First Posted: 4/14/2009
LUMBERTON The Robeson Community College board of trustees voted unanimously Monday night to renew the contract of President Charles Chrestman for an additional four years. The contract extension is effective June 30, 2010, when his current contract ends.
Chrestman said he was very pleased with the decision.
Its been an honor to serve this institution, said Chrestman, who was hired in January 2003. The county has been a great asset. I hope we can continue to make the contributions to help the people of the greater Robeson County area.
The board voted on the extension following a closed session. Chrestmans initial hiring came during a turbulent time for the college. The board haggled for a long time over an extension of the contract of Fred Williams, who had served as president for parts of three decades. Williams eventually rejected a contract offer, and went to work for the state Community College System.
At the time RCC had also gotten into trouble with Southern Association of Colleges and Schools over accreditation. The institution spent some time on probation before winning accreditation.
Mondays decision comes during a challenging time for the college. Like a nagging mosquito, concerns over Robeson Community Colleges shrinking budget wont go away.
Theres not a whole lot of good news going around right now, Chrestman told the trustees. At least not in the budget.
The college continues to trudge along despite the state continuing to withhold money and ordering that spending be frozen.
Tami George, vice president of Business Services, said the college has been placed on a budget lockdown. In a memorandum from State Budget Director Charles Perusse dated April 9, Perusse said the state has terminated for the remainder of the fiscal year travel expenses, employee promotions or increases in salary. Also, there is a hiring freeze unless commitments were made before April 9.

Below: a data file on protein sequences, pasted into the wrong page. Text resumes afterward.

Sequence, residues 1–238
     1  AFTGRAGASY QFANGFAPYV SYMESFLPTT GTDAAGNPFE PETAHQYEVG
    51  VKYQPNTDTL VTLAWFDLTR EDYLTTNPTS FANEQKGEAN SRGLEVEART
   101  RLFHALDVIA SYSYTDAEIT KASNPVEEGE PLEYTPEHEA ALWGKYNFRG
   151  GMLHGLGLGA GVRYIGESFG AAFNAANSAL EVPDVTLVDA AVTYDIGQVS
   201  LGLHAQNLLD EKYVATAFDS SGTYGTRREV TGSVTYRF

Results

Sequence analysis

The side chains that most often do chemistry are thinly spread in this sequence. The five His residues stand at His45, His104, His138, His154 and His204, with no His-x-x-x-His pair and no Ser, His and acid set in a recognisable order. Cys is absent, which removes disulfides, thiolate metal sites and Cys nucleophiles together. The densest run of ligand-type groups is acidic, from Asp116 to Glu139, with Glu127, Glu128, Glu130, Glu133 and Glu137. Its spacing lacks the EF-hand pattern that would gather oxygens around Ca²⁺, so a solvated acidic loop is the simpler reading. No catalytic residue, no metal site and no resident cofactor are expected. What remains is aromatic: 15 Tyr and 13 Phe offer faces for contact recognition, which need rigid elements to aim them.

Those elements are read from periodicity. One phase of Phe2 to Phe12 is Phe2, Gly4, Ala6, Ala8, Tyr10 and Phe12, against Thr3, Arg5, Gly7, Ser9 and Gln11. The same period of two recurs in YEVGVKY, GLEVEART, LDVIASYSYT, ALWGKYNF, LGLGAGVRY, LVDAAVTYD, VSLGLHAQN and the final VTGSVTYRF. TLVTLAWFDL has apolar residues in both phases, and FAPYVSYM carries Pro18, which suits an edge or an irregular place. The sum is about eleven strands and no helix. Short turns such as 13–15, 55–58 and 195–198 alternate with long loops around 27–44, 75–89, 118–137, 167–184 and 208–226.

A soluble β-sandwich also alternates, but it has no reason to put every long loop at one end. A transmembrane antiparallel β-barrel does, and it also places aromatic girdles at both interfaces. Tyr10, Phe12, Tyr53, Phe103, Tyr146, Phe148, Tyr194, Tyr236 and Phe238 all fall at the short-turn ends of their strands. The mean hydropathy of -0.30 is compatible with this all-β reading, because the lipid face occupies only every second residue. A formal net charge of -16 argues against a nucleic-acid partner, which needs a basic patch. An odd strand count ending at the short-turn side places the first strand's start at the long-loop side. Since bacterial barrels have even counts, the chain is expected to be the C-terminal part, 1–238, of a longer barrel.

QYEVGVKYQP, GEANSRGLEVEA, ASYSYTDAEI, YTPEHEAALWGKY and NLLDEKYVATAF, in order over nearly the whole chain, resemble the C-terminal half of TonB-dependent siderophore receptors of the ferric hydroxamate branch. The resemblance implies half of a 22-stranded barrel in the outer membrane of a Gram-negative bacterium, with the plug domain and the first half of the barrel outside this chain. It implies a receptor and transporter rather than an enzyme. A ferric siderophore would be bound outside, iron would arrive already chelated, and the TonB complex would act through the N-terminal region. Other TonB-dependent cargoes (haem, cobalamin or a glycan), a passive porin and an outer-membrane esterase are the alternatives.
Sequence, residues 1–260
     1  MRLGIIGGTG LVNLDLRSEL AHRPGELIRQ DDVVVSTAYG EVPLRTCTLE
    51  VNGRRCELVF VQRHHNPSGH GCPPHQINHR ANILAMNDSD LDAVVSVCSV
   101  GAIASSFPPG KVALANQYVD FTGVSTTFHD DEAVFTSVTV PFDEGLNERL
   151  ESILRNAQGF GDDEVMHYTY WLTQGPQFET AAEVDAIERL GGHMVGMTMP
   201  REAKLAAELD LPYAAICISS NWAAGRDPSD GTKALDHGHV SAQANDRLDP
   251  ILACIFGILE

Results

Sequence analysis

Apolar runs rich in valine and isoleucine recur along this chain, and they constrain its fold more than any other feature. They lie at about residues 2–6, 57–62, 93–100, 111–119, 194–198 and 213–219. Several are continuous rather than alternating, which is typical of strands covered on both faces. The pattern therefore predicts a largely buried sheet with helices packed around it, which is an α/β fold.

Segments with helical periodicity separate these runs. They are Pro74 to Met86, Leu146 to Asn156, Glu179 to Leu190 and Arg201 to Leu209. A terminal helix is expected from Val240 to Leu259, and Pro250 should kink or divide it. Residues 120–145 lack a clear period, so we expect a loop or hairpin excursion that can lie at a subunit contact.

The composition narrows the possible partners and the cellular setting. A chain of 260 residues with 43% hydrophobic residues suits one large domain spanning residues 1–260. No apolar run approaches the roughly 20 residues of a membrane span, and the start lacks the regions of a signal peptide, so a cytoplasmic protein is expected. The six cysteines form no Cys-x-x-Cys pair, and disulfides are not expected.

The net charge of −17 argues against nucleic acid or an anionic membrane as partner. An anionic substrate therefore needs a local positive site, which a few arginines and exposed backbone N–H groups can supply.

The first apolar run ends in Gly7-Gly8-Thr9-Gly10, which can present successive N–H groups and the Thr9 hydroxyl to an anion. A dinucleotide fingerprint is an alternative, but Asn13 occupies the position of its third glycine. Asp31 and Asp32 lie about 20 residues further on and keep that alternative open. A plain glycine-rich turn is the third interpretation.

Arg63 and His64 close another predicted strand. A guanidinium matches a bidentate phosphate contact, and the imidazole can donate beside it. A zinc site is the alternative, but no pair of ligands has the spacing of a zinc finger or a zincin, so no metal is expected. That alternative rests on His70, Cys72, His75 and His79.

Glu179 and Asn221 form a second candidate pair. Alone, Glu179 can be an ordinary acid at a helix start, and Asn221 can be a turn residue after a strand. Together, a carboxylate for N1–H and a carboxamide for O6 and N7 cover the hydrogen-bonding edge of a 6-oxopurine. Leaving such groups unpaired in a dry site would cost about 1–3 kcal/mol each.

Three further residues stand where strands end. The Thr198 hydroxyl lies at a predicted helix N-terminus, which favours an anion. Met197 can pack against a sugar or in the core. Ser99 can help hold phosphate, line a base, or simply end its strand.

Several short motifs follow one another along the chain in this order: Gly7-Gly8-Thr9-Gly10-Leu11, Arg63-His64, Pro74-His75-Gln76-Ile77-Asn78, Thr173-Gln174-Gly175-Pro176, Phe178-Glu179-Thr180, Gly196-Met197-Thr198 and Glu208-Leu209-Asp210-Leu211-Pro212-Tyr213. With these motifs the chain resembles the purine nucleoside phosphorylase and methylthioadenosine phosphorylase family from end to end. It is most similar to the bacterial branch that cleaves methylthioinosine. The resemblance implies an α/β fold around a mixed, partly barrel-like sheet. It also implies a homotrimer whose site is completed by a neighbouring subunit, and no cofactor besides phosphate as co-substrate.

George also said that the state has asked the college to cancel all purchase orders that have not been received by this Thursday.
Any orders received after that date must be canceled, she said.
Chrestman said the college currently has about $54,000 in purchase orders that may have to be nixed. The college is asking for further clarification about money needed to furnish the new Workforce Development Center, slated for completion in July. Chrestman said even those purchases are in jeopardy.
In addition to the expanded freeze, George said the state has asked for another 1 percent reversion.
At least that is easy to do, George said. We cant spend our budget anyhow.
The college has already sent $527,624 to the state to help with a projected $2.2 billion budget shortfall.
In other business:
Chrestman was honored by WKML radio program director Dean Severanc for his part in the recent Big Heart Bash, held in the schools auditorium. More than 600 people participated in the annual radiothon, which raises money for St. Judes Kids, a research hospital dedicated to children with cancer and other terminal diseases.
Architect Walter Vick The board told the board that construction on the Workforce Development Center remains on schedule. The project is expected to be completed in July.
Architect John Murray gave an update on the re-roofing projects of Buildings 14 and 15. He said the project had a setback when rusted metal decks were exposed that pushed up costs by $22,000. He said the project remains on schedule.
Vice President Mark Kinlaw gave the board an update on accreditation. Kinlaw said an offsite committee is expected to review a compliance report submitted by the school in March and the school should receive recommendations in June. At this point, we can take a breather and focus on our QEP, Kinlaw said. The college has chosen reading as the topic of its Quality Enhancement Project.
The board announced that Sheila Regan, who works in the College Transfer and Allied Health programs, will replace Barbara Walters as the new assistant vice president.
I think shes prepared for this, Chrestman said. Shes a perfect fit.